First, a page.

The Annals of Statistics

Curvature and inference for maximum likelihood estimates

Bradley Efron

Full-text: Access denied (no subscription detected)

We're sorry, but we are unable to provide you with the full text of this article because we are not able to identify you as a subscriber. If you have a personal subscription to this journal, then please login. If you are already logged in, then you may need to update your profile to register your subscription. Read more about accessing full-text


Maximum likelihood estimates are sufficient statistics in exponential families, but not in general. The theory of statistical curvature was introduced to measure the effects of MLE insufficiency in one-parameter families. Here, we analyze curvature in the more realistic venue of multiparameter families—more exactly, curved exponential families, a broad class of smoothly defined nonexponential family models. We show that within the set of observations giving the same value for the MLE, there is a “region of stability” outside of which the MLE is no longer even a local maximum. Accuracy of the MLE is affected by the location of the observation vector within the region of stability. Our motivating example involves “$g$-modeling,” an empirical Bayes estimation procedure.

Article information

Ann. Statist., Volume 46, Number 4 (2018), 1664-1692.

Received: November 2016
Revised: June 2017
First available in Project Euclid: 27 June 2018

Permanent link to this document

Digital Object Identifier

Mathematical Reviews number (MathSciNet)

Zentralblatt MATH identifier

Primary: 62Bxx: Sufficiency and information
Secondary: 62Hxx: Multivariate analysis [See also 60Exx]

Observed information $g$-modeling region of stability curved exponential families regularized MLE


Efron, Bradley. Curvature and inference for maximum likelihood estimates. Ann. Statist. 46 (2018), no. 4, 1664--1692. doi:10.1214/17-AOS1598.

Export citation


  • Amari, S. (1982). Differential geometry of curved exponential families—Curvatures and information loss. Ann. Statist. 10 357–385.
  • Efron, B. (1975). Defining the curvature of a statistical problem (with applications to second order efficiency). Ann. Statist. 3 1189–1242. With a discussion by C. R. Rao, D. A. Pierce, D. R. Cox, D. V. Lindley, L. LeCam, J. K. Ghosh, J. Pfanzagl, N. Keiding, A. P. Dawid, J. Reeds and with a reply by the author.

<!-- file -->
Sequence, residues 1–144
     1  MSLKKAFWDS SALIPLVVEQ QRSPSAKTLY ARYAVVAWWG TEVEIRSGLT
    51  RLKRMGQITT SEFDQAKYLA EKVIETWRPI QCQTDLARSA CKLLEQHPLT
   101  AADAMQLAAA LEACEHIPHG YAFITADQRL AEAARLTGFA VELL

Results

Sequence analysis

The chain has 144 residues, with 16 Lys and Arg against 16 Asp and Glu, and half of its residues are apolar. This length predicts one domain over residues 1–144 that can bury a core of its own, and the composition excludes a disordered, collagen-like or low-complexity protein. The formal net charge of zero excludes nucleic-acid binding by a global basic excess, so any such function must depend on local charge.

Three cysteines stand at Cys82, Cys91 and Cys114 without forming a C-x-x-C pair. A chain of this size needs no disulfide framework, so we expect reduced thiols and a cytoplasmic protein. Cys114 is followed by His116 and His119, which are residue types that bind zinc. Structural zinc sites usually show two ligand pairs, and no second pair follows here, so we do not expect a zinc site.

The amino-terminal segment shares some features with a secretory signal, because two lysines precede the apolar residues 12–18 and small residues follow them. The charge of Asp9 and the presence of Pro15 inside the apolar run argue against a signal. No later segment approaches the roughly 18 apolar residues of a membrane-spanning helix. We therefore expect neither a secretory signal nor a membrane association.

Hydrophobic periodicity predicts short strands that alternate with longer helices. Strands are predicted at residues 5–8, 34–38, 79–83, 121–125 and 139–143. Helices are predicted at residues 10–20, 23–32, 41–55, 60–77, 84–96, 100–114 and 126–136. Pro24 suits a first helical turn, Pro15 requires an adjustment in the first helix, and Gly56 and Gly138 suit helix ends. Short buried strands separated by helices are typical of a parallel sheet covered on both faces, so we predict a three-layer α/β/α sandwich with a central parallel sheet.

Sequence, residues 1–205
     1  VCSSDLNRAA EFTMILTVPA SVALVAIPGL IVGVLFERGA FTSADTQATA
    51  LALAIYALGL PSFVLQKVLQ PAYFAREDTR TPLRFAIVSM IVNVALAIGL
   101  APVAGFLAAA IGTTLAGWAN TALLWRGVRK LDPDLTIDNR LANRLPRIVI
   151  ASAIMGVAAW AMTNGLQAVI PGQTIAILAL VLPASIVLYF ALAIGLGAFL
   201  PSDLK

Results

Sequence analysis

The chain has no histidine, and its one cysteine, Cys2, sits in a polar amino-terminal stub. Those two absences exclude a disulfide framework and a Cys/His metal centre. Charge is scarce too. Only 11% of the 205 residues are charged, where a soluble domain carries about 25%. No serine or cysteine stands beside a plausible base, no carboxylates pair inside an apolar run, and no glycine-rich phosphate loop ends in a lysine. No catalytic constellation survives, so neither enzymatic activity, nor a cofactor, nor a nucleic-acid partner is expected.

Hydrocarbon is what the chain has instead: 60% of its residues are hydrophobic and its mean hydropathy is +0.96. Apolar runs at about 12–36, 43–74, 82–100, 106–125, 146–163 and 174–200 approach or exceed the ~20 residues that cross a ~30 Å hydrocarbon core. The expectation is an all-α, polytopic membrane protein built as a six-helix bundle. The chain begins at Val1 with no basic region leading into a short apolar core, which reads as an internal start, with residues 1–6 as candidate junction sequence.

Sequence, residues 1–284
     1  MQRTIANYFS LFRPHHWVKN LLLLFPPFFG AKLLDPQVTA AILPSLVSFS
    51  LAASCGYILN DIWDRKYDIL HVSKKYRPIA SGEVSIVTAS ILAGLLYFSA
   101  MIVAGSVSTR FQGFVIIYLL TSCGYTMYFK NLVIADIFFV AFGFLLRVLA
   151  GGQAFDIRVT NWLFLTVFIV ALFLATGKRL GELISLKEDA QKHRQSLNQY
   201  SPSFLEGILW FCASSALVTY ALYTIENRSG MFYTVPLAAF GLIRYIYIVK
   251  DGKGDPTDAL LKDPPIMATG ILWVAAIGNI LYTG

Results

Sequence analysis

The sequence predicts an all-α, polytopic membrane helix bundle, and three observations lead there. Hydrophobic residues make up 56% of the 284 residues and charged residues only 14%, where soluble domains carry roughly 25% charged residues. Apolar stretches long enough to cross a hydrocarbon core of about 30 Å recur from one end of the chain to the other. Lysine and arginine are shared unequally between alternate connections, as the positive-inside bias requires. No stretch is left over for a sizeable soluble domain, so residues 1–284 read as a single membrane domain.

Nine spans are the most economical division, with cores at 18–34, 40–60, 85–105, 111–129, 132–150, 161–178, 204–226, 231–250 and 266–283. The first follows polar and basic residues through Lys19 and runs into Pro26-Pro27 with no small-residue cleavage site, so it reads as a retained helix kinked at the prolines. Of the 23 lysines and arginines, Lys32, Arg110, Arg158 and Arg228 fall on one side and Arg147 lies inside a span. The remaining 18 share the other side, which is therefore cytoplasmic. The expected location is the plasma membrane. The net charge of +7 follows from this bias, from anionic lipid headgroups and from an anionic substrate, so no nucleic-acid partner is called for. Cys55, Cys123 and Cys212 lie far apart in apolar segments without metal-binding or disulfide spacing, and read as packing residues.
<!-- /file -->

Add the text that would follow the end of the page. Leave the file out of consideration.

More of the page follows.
• Efron, B. (1978). The geometry of exponential families. Ann. Statist. 6 362–376.
  • Efron, B. (2010). Large-Scale Inference. Empirical Bayes Methods for Estimation, Testing, and Prediction. Institute of Mathematical Statistics (IMS) Monographs 1. Cambridge Univ. Press, Cambridge.
  • Efron, B. (2016). Empirical Bayes deconvolution estimates. Biometrika 103 1–20.
  • Efron, B. and Hinkley, D. V. (1978). Assessing the accuracy of the maximum likelihood estimator: Observed versus expected Fisher information. Biometrika 65 457–487. With comments by O. Barndorff-Nielsen, A. T. James, G. K. Robinson and D. A. Sprott and a reply by the authors.
  • Fisher, R. A. (1922). On the mathematical foundations of theoretical statistics. Philos. Trans. R. Soc. Lond. Ser. A 222 309–368. Available at
  • Fisher, R. A. (1925). Theory of statistical estimation. Math. Proc. Cambridge Philos. Soc. 22 700–725. DOI:10.1017/S0305004100009580.
  • Fisher, R. A. (1934). Two new properties of mathematical likelihood. Proc. R. Soc. Lond. Ser. A Math. Phys. Eng. Sci. 144 285–307. Available at
  • Good, I. J. and Gaskins, R. A. (1971). Nonparametric roughness penalties for probability densities. Biometrika 58 255–277.
  • Hayashi, M. and Watanabe, S. (2016). Information geometry approach to parameter estimation in Markov chains. Ann. Statist. 44 1495–1535.
  • Hoerl, A. E. and Kennard, R. W. (1970). Ridge regression: Biased estimation for nonorthogonal problems. Technometrics 12 55–67. DOI:10.1080/00401706.1970.10488634.
  • Kass, R. E. and Vos, P. W. (1997). Geometrical Foundations of Asymptotic Inference. Wiley, New York.
  • Lindsey, J. K. (1974). Construction and comparison of statistical models. J. R. Stat. Soc. Ser. B. Stat. Methodol. 36 418–425.
  • Madsen, L. T. (1979). The geometry of statistical model—A generalization of curvature. Technical report, Danish Medical Research Council. Statistical Research Unit Report 79-1.
  • Rao, C. R. (1961). Asymptotic efficiency and limiting information. In Proc. 4th Berkeley Sympos. Math. Statist. and Prob., Vol. I 531–545. Univ. California Press, Berkeley, CA.
  • Rao, C. R. (1962). Efficient estimates and optimum inference procedures in large samples. J. R. Stat. Soc. Ser. B. Stat. Methodol. 24 46–72.
  • Rao, C. R. (1963). Criteria of estimation in large samples. Sankhya, Ser. A 25 189–206.
  • Schwartzman, A., Dougherty, R. F. and Taylor, J. E. (2005). Cross-subject comparison of principal diffusion direction maps. Magn. Reson. Med. 53 1423–1431. DOI:10.1002/mrm.20503.
  • Tibshirani, R. (1996). Regression shrinkage and selection via the lasso. J. R. Stat. Soc. Ser. B. Stat. Methodol. 58 267–288.
  • Tierney, L. and Kadane, J. B. (1986). Accurate approximations for posterior moments and marginal densities. J. Amer. Statist. Assoc. 81 82–86.